forces. Accordingly he must proceed along the base of Mount Ariana,
then turn to the left to avoid the mouths of the Macaras, and come
straight to the bridge. It was there that Matho expected him.

At night he used to inspect the pioneers by torch-light. He would
hasten to Hippo-Zarytus or to the works on the mountains, would come
back again, would never rest. Spendius envied his energy; but in the
management of spies, the choice of sentries, the working of the
engines and all means of defence, Matho listened docilely to his
companion. They spoke no more of Salammbo,--one not thinking about
her, and the other being prevented by a feeling of shame.

Often he would go towards Carthage, striving to catch sight of
Hamilcar's troops. His eyes would dart along the horizon; he would lie
flat on the ground, and believe that he could hear an army in the
throbbing of his arteries.

He told Spendius that if Hamilcar did not arrive in three days he
would go with all his men to meet him and offer him battle. Two
further days elapsed. Spendius restrained him; but on the morning of
the sixth day he departed.

The Carthaginians were no less impatient for war than the Barbarians.
In tents and in houses there was the same longing and the same
distress; all were asking one another what was delaying Hamilcar.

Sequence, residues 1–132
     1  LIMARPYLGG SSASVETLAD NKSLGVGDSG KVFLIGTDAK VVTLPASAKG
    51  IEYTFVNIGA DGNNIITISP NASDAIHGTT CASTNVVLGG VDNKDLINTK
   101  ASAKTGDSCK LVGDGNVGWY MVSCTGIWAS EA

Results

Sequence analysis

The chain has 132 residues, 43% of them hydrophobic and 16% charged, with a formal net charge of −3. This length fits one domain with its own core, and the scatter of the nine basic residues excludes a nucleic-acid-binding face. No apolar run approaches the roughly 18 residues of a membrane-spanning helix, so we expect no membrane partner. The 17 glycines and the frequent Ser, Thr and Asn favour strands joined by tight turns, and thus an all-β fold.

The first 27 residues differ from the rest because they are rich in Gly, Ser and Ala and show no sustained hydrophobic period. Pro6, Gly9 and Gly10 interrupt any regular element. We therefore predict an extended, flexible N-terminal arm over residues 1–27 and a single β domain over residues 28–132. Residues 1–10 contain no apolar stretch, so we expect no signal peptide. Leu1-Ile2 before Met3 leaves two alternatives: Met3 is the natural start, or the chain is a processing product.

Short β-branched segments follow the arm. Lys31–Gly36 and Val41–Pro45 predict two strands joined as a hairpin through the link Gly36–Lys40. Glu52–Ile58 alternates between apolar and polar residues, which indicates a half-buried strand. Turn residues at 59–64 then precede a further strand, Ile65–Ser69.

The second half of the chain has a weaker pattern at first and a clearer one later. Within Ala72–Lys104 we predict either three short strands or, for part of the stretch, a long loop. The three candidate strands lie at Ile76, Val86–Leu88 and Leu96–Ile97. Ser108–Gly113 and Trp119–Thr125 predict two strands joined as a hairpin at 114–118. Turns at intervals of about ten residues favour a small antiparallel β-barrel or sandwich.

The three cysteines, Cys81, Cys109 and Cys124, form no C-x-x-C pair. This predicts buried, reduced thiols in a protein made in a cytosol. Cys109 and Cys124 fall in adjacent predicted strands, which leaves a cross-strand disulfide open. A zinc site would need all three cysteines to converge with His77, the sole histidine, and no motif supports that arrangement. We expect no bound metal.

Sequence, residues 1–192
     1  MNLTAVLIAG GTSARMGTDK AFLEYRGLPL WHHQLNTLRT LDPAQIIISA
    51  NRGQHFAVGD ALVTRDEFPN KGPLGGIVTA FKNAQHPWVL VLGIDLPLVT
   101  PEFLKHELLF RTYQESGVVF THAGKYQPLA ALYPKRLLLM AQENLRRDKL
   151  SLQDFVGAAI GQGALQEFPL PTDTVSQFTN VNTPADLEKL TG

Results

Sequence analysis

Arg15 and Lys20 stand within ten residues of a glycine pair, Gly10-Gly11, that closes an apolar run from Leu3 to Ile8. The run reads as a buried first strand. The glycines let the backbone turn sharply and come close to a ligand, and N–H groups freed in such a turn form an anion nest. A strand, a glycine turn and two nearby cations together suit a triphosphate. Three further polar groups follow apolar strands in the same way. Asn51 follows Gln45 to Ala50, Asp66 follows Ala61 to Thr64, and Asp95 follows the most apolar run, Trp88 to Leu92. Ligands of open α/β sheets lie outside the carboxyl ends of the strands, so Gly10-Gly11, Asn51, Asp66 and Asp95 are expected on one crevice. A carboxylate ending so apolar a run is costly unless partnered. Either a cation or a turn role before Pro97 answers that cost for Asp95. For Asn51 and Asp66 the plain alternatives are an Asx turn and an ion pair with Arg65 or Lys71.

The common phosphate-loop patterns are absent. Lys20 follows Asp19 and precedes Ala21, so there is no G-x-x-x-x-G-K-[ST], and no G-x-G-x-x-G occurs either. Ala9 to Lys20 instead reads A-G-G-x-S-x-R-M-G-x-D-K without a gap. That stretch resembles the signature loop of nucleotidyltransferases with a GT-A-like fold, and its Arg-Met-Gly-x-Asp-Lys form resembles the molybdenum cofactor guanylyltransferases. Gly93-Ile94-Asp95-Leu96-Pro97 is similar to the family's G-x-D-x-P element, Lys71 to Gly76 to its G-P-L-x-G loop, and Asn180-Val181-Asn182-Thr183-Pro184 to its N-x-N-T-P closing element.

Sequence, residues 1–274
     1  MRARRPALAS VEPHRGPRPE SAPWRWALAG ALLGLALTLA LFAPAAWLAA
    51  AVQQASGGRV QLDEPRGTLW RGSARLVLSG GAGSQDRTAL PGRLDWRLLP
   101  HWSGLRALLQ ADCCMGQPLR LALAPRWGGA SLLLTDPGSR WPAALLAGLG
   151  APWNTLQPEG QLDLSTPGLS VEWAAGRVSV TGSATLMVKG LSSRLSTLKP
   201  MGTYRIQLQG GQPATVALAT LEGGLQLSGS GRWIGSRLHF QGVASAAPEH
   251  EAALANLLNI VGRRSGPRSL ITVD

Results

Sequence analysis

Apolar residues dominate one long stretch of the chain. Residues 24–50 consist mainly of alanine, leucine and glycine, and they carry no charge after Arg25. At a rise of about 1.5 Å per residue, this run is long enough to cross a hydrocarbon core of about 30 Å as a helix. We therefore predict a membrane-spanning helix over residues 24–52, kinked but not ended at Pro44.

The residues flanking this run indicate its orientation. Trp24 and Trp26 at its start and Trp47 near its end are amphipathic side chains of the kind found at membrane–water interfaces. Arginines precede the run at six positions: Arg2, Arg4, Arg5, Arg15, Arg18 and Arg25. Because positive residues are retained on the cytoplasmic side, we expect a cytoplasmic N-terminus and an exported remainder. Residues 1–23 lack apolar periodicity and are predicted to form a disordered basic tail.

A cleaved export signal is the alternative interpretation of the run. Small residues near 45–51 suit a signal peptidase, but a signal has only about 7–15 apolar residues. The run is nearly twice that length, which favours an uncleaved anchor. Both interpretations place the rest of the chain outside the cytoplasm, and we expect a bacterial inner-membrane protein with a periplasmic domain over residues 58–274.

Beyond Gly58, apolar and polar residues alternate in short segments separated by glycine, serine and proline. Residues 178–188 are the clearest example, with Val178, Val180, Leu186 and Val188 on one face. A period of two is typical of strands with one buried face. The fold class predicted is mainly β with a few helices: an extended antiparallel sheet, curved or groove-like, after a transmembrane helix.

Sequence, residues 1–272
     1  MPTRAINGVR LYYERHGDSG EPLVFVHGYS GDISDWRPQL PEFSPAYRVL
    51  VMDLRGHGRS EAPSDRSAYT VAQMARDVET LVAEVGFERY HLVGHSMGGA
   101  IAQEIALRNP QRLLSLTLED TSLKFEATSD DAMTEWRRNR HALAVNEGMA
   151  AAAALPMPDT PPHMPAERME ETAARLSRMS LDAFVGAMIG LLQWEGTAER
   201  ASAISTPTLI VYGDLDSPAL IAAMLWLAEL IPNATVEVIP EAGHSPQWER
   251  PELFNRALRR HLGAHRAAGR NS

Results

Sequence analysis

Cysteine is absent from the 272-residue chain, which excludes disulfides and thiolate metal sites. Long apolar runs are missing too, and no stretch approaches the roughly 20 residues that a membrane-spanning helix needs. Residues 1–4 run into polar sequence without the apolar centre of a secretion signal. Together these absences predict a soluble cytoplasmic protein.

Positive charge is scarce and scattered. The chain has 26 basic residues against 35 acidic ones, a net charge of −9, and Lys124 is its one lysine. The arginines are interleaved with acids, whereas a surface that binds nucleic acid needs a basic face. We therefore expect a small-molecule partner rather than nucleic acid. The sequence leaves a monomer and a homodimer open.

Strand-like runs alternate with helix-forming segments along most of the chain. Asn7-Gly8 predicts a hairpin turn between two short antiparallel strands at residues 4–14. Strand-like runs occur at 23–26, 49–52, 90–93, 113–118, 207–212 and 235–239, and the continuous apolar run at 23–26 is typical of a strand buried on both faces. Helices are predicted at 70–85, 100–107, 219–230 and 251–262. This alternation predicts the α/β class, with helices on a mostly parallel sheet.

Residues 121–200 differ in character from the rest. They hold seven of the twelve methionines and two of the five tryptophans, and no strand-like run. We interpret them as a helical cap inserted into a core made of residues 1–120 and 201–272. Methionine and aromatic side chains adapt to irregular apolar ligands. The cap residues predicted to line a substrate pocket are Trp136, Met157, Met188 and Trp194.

From time to time he would mount to the cupola of the temple of
Eschmoun beside the Announcer of the Moons and take note of the wind.

One day--it was the third of the month of Tibby--they saw him
descending from the Acropolis with hurried steps. A great clamour
arose in the Mappalian district. Soon the streets were astir, and the
soldiers were everywhere beginning to arm themselves upon their
breasts; then they ran quickly to the square of Khamon to take their
places in the ranks. No one was allowed to follow them or even to
speak to them, or to approach the ramparts; for some minutes the whole
town was silent as a great tomb. The soldiers as they leaned on their
lances were thinking, and the others in the houses were sighing.

At sunset the army went out by the western gate; but instead of taking
the road to Tunis or making for the mountains in the direction of
Utica, they continued their march along the edge of the sea; and they
soon reached the Lagoon, where round spaces quite whitened with salt
glittered like gigantic silver dishes forgotten on the shore.

Then the pools of water multiplied. The ground gradually became
softer, and the feet sank in it. Hamilcar did not turn back. He went
on still at their head; and his horse, which was yellow-spotted like a
dragon, advanced into the mire flinging froth around him, and with
great straining of the loins. Night--a moonless light--fell. A few
cried out that they were about to perish; he snatched their arms from
them, and gave them to the serving-men. Nevertheless the mud became
deeper and deeper. Some had to mount the beasts of burden; others
clung to the horses' tails; the sturdy pulled the weak, and the
Ligurian corps drove on the infantry with the points of their pikes.
The darkness increased. They had lost their way. All stopped.

Then some of the Suffet's slaves went on ahead to look for the buoys
which had been placed at intervals by his order. They shouted through
the darkness, and the army followed them at a distance.

At last they felt the resistance of the ground. Then a whitish curve
became dimly visible, and they found themselves on the bank of the
Macaras. In spite of the cold no fires were lighted.

In the middle of the night squalls of wind arose. Hamilcar had the
soldiers roused, but not a trumpet was sounded: their captain tapped